Prenatal visits also give you and your family a chance to talk to your health care provider about any questions or concerns you have related to your pregnancy, birth, or parenthood.
For this reason, many health care providers suggest that women who are thinking about getting pregnant take steps to improve or maintain their own level of health before they get pregnant.
www.mamashealth.com /pregnancy/prenatal.asp   (1141 words)

  
 Staying Healthy During Pregnancy
Key to protecting the health of your child is to get regular prenatal care.
Throughout your pregnancy, your health care provider will check your weight and blood pressure while also checking the growth and development of your baby (by doing things like feeling your abdomen, listening for the fetal heartbeat starting during the second trimester, and measuring your belly).
During the span of your pregnancy, you'll also have prenatal tests, including blood, urine, and cervical tests, and probably at least one ultrasound.
kidshealth.org /parent/pregnancy_newborn/pregnancy/preg_health.html   (2835 words)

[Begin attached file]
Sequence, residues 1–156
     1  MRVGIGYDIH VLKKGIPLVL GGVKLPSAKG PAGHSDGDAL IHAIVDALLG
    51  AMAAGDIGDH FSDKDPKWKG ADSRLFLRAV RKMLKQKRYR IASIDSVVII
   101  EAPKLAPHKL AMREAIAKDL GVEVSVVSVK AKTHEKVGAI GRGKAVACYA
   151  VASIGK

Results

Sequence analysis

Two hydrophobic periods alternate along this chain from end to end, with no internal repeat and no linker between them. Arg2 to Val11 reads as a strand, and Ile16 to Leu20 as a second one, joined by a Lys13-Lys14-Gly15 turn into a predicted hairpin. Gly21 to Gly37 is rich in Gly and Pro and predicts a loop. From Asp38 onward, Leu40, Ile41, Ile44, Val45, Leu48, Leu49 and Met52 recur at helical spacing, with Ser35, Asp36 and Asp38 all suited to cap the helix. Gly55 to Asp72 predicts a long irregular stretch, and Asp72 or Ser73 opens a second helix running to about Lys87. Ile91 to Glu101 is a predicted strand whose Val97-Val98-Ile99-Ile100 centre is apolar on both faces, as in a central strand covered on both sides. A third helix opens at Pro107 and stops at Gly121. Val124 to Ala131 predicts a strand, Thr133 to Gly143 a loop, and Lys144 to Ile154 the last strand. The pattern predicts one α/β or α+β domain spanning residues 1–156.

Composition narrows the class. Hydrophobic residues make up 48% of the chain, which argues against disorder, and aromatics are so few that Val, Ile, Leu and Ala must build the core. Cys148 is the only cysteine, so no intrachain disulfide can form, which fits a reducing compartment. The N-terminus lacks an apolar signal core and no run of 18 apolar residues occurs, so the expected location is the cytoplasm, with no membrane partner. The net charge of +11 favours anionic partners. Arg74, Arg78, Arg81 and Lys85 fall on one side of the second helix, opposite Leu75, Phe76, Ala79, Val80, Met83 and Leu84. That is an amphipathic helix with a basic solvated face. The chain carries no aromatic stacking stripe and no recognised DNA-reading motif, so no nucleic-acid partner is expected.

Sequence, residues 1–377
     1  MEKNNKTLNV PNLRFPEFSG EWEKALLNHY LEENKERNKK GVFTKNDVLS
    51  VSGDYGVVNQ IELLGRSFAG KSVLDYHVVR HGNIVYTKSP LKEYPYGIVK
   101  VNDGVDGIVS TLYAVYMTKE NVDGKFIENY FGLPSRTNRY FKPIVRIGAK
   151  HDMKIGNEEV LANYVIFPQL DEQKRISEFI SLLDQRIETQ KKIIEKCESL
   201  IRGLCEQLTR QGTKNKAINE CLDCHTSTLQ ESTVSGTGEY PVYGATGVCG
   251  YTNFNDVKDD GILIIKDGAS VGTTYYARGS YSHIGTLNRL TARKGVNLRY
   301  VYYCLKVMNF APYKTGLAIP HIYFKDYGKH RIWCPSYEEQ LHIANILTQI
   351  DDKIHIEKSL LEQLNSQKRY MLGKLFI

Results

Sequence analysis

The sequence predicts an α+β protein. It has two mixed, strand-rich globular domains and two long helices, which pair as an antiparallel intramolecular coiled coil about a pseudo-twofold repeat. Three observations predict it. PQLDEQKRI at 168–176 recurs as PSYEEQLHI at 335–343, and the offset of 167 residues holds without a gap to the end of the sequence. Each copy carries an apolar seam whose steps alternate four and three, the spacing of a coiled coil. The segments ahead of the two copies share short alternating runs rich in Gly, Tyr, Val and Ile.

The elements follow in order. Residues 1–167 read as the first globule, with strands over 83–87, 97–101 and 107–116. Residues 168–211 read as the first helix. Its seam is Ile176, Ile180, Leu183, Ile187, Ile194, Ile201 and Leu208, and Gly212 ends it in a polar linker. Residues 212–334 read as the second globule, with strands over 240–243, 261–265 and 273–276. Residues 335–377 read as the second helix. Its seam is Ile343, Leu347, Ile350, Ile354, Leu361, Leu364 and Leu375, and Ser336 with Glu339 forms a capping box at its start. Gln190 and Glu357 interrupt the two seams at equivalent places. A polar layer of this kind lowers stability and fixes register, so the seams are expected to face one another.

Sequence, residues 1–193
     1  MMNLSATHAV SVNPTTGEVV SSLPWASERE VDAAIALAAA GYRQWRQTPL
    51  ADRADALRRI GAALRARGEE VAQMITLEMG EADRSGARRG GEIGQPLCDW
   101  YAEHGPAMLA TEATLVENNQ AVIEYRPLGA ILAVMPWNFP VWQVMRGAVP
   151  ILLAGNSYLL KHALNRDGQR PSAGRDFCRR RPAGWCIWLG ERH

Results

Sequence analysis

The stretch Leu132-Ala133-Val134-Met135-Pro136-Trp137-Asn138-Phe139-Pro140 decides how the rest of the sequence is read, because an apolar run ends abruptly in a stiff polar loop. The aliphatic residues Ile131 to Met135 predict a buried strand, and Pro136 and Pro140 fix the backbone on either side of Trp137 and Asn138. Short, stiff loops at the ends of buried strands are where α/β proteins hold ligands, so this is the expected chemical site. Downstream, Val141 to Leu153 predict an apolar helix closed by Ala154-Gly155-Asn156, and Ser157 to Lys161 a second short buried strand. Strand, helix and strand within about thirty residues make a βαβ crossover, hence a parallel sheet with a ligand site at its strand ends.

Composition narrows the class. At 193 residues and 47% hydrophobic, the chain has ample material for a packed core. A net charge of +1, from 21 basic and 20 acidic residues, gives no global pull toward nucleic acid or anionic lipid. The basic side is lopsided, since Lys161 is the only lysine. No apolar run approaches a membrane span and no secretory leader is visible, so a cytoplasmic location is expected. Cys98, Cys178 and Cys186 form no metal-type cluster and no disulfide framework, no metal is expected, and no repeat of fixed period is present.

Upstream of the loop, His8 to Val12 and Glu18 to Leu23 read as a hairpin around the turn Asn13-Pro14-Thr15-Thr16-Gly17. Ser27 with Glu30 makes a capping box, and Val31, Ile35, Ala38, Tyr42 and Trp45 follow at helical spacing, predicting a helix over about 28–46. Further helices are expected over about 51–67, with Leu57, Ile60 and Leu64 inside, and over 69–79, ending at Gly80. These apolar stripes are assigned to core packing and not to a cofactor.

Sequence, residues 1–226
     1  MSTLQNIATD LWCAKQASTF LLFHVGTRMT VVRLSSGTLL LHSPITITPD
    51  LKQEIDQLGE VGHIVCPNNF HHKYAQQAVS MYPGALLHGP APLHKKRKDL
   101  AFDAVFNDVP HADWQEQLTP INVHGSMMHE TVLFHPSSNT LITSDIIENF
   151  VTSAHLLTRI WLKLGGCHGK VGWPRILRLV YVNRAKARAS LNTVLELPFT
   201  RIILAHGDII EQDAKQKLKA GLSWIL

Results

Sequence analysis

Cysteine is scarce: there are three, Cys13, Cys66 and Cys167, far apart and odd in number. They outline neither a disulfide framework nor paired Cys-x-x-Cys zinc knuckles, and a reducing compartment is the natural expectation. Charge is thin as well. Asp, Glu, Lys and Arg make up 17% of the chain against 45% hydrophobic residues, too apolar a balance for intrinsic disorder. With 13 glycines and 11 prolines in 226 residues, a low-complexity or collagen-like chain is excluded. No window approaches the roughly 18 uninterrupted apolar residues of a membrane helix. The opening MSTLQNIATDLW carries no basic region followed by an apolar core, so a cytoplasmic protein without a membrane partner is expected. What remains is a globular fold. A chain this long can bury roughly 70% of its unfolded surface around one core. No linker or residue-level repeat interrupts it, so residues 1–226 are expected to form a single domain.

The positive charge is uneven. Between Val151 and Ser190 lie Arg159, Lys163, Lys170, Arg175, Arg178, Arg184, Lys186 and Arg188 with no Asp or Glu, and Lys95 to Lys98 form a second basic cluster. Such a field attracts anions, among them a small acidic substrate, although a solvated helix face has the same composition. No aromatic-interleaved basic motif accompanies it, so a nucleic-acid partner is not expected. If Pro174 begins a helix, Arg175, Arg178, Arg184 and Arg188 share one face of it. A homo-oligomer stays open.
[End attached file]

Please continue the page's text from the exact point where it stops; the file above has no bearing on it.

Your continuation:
Prenatal Care Information on Healthline
Prenatal care is that health care given to a pregnant woman and to the developing fetus until the time of delivery.
Practitioners of prenatal care need to be aware of the possibility of domestic abuse, since such violence may begin with a pregnancy.
While some women come for their first prenatal visit shortly after missing a menstrual period, others may not come for prenatal care until later.
www.healthline.com /galecontent/prenatal-care   (2212 words)

  
 During Your Pregnancy: Prenatal Care
The goal of prenatal care is to monitor the progress of a pregnancy and to identify potential problems before they become serious for either mom or baby.
Women who see a health care provider regularly during pregnancy have healthier babies, are less likely to deliver prematurely, and are less likely to have other serious problems related to pregnancy.
Remember: In addition to prenatal care, be sure to have a dental checkup early in pregnancy to help your mouth remain healthy.
www.marchofdimes.com /pnhec/159_513.asp   (795 words)

  
 Prenatal Care - Health
Prenatal visits allow physicians and nurses the opportunity to provide medical information to the mom and prepare her for the next stages of the pregnancy and eventual delivery.
Paying for Care and Delivery In the U.S., the average cost for maternity care and uncomplicated delivery of a healthy newborn is $5,000 to $8,000 or higher.
And when maternity care can be purchased as an extra option, it may not take effect for several months after obtaining the coverage (too late for women who are already pregnant).
www.wsoctv.com /health/8079458/detail.html   (1036 words)